A woman who has been left permanently disabled due to cancer has not been able to access key insurance cover due to the Spanish government failing to pay her superannuation.
Miren Itziar Urbieta previously worked for the Spanish consulate in Melbourne for 18 years until 2011, but she claims the European country hasn't paid a cent in super contributions.
Her lawyers argued that this oversight has left her unable to make a total and permanent disability (TPD) claim via her VicSuper fund, despite the fact she has tonsil cancer and may not ever return to work.
She is not alone; a former Canberra embassy worker said the Spanish government betrayed her by refusing to give her 12 years' worth of superannuation payments.
Esperanza Poveda worked as a secretary for the Spanish Embassy in the ACT capital for two separate stints between 1986 and 1998 and from 2004 to 2014.
While the Spanish government has been forced to pay her super for the second period of work due to an Australian Taxation Office order, the first lot of payments are outstanding.
TPD claims and superannuation
The women's cases were reported in the Canberra Times, with Ms Urbieta seeking compensation of $131,000, which comprises $54,000 in super payments, $15,000 for TPD benefits and $62,000 in penalty interest.
TPD cover provides essential financial support for people who suffer permanent disabilities and are unable to return to employment, whether that's in their previous job or any role at all.
Recent figures from SuperRatings, published in the Australian Financial Review, showed that around one-third of super funds pay out on between 91 and 100 per cent of TPD claims.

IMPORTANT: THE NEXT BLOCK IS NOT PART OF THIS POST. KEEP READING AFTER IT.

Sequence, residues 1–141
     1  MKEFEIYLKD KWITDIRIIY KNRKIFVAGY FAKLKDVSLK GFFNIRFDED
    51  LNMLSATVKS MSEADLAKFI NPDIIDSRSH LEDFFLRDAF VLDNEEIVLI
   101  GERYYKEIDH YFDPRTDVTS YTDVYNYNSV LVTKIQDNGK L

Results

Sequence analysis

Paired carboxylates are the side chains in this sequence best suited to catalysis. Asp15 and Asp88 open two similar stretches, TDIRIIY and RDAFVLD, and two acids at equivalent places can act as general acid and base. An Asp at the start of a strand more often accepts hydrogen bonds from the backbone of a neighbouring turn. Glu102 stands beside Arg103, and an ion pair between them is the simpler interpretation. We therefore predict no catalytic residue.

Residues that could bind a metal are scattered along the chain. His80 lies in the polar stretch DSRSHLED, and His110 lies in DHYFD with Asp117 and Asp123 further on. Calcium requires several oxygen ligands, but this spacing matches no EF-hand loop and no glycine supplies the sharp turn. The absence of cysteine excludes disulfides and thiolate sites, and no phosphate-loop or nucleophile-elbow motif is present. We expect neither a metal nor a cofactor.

"I feel furious because they think they can do whatever they want, like they do in Spain, and they think they can do the same thing here," Ms Poveda told Fairfax Media.
"I think it's time for the Australian authorities to say that's enough and you have to obey the Australian law."
Nevertheless, the Spanish government said it would fight the claims, adding that both women were receiving social security benefits in Spain, meaning they aren't entitled to compensation under the Australian system.
"The former employees opted expressly to be under the coverage of the Spanish social security. Their current claim implies a double dipping situation prohibited by law," a spokesperson for the Spanish Embassy claimed.
The women's lawyers described the situation as "absurd" because both plaintiffs resided in and were domiciled in Australia.
Have you been rejected for a TPD claim? Please get in touch with Gerard Malouf & Partners Compensation, Medical Negligence & Will Dispute Lawyers.